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Boost_Crazy
Boost_Crazy Dork
9/28/21 2:37 p.m.

In reply to frenchyd :

You have been all over the place, so many tangents, even contradicting yourself with your own examples. So let's refocus this. 

You claim doubling the labor rate will not only not cost anything, but improve profits. For those of us that haven't moved past 2nd grade math, show us. Not platitudes, platitudes don't have a column on the P&L. Show us the math.

Boost_Crazy
Boost_Crazy Dork
9/28/21 3:22 p.m.

In reply to wae :

Anyway, my point is simply this:  I don't think FedEx actually cares because I think the general public doesn't care so much that they'll ever do anything that will have enough of an effect to move the needle on their revenue.  And, frankly, if you're not going to generate more revenue or prevent the loss of revenue, it doesn't make sense to increase operating expense.  For the most part, we aren't their customers, the large volume shippers are.  And those contracts are won mostly on price.

This is what I was talking about earlier, this is a strange business in that the "customer" is not the one contracting the service. It's the shipper. This gets really frustrating on a commercial scale. The manufacturers choose the shipper. The freight cost is often rolled in to the product cost on large projects, so the manufacturer wants cheap freight. The product belongs to the customer as soon as it leaves the dock- even if it's damaged or lost. Many of these products are custom made, very expensive, and have long lead times. Not receiving the product in time will delay the job, delay payments, cause all kind of issues. We are meticulous about all aspects of the project when ordering- order confirmations, submittals, etc., making sure that every "i" is dotted and every "t" is crossed. And then we just cross our fingers and hope the freight company doesn't destroy or lose it. I've tried for years to get manufacturers to vet their shippers, not going to happen any time soon. It gets really bad when the contracted shipper sub contracts to another local company for the last leg of the delivery. Lots of finger pointing if something goes wrong, and zero accepting responsibility.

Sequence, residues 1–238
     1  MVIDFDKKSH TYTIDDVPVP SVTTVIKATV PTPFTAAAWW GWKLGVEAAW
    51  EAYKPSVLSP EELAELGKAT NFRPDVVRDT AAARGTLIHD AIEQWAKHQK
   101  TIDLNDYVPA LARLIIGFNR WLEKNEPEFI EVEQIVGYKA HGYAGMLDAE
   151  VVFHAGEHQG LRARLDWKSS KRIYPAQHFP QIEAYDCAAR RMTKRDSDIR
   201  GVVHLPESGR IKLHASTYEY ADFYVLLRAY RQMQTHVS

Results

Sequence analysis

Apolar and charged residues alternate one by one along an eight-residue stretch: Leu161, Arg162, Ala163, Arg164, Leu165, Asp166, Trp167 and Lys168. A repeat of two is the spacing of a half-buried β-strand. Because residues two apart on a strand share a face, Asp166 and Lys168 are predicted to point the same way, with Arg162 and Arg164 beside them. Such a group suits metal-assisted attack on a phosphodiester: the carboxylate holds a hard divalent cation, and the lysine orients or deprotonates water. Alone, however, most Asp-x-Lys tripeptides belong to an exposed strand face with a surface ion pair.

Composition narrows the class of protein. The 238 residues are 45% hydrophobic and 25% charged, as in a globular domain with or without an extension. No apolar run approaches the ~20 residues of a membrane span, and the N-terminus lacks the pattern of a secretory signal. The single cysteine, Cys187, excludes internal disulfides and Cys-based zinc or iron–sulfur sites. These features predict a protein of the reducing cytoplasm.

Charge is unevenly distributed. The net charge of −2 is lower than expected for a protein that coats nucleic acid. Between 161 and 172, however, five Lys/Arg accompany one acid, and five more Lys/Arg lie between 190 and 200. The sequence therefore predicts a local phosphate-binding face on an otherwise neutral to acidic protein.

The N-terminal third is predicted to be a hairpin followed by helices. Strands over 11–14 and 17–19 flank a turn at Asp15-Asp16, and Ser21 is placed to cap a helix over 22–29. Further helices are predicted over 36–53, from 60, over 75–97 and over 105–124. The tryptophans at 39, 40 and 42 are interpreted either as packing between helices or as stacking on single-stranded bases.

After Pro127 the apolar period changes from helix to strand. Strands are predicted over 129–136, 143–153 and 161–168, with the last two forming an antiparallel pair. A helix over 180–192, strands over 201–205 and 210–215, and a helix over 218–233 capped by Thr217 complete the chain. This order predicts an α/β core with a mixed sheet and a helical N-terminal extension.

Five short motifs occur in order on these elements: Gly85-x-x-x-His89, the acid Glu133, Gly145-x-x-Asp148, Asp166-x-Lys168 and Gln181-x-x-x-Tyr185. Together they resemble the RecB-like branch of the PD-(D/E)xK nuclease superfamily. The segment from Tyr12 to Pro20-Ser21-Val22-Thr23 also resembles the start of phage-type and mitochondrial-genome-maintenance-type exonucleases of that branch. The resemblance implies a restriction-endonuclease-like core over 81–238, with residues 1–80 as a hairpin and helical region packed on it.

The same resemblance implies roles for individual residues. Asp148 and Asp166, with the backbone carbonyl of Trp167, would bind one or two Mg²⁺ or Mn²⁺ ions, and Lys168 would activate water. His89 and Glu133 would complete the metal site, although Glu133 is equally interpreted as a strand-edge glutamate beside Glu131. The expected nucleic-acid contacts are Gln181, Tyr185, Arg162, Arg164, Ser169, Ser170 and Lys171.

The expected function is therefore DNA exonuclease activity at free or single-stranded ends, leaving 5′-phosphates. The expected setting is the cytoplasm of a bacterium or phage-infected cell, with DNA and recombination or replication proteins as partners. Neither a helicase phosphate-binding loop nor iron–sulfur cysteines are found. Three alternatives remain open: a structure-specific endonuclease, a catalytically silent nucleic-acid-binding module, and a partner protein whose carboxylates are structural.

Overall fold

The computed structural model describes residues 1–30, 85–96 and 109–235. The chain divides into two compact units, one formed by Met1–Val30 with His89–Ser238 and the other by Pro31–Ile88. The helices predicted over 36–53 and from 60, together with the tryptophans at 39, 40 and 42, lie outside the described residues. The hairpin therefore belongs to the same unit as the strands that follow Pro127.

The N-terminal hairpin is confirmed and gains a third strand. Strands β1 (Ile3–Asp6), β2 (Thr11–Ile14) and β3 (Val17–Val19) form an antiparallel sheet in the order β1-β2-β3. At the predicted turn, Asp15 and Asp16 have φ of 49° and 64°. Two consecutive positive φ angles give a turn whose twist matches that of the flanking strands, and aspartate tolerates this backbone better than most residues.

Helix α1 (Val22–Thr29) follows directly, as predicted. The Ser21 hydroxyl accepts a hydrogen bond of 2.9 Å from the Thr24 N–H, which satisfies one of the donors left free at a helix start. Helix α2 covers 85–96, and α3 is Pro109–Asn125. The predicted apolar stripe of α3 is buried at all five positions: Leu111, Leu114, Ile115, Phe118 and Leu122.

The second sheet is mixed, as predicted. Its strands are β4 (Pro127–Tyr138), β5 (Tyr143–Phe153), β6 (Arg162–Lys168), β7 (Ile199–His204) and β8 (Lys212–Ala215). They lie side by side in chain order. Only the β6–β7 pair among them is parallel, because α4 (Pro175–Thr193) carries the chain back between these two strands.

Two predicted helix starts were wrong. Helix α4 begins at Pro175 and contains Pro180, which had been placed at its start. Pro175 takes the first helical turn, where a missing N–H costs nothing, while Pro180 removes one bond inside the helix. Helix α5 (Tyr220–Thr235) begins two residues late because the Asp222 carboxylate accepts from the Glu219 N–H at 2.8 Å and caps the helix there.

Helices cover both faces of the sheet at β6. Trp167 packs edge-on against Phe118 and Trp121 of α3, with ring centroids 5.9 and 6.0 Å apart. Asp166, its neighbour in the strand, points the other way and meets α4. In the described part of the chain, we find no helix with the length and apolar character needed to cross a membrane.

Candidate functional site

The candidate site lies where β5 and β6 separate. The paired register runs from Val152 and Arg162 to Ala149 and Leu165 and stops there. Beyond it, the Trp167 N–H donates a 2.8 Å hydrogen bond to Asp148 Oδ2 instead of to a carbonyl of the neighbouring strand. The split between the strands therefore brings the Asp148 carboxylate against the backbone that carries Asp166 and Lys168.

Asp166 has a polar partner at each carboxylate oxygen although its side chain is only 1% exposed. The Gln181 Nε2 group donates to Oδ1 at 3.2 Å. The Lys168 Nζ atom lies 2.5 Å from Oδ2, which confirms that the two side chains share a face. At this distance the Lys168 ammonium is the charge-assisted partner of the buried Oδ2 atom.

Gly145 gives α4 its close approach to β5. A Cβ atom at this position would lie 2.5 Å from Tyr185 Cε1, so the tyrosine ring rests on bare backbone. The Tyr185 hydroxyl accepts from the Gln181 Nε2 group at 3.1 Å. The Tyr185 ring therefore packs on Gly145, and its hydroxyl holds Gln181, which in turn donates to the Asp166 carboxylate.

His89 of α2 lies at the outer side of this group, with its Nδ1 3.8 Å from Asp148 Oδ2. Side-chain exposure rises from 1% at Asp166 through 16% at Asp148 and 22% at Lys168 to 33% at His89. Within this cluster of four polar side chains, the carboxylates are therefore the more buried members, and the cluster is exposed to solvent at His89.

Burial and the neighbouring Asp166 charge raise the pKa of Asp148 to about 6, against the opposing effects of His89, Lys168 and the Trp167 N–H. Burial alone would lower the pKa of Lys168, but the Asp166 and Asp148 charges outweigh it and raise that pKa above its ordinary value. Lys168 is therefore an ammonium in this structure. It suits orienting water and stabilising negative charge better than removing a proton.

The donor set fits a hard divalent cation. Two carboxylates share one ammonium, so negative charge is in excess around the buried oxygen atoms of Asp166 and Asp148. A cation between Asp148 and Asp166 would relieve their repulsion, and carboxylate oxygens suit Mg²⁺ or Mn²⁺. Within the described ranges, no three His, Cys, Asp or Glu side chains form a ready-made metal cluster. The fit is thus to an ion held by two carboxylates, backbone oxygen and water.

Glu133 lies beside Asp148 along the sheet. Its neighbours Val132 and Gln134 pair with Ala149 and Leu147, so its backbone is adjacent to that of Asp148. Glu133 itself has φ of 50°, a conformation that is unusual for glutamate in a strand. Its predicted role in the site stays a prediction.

Edit- UPS is light years ahead of FedEx in my experience, especially now. 

Streetwiseguy
Streetwiseguy MegaDork
9/28/21 3:34 p.m.

We could solve this entire issue by dropping small thermonuclear devices on all the Amazon hubs, and then mandating that we all have to purchase products from within our own borders.  That would lessen the Fedex load significantly.

 

 

 

Hey, Frenchy started it.  Not my fault.

Boost_Crazy
Boost_Crazy Dork
9/28/21 3:56 p.m.

In reply to Streetwiseguy :

To quote Frenchyd-

  Problems have solutions. Management has to stop closing off their mind to possible solutions. 

Opti
Opti Dork
9/28/21 5:01 p.m.
wae said: